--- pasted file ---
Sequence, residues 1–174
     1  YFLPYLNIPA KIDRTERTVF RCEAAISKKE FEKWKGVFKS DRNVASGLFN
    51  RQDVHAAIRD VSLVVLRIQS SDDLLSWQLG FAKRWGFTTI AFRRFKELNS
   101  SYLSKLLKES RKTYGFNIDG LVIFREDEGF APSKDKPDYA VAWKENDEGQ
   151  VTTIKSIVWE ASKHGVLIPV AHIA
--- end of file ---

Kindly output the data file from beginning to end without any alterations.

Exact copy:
Sequence, residues 1–174
     1  YFLPYLNIPA KIDRTERTVF RCEAAISKKE FEKWKGVFKS DRNVASGLFN
    51  RQDVHAAIRD VSLVVLRIQS SDDLLSWQLG FAKRWGFTTI AFRRFKELNS
   101  SYLSKLLKES RKTYGFNIDG LVIFREDEGF APSKDKPDYA VAWKENDEGQ
   151  VTTIKSIVWE ASKHGVLIPV AHIA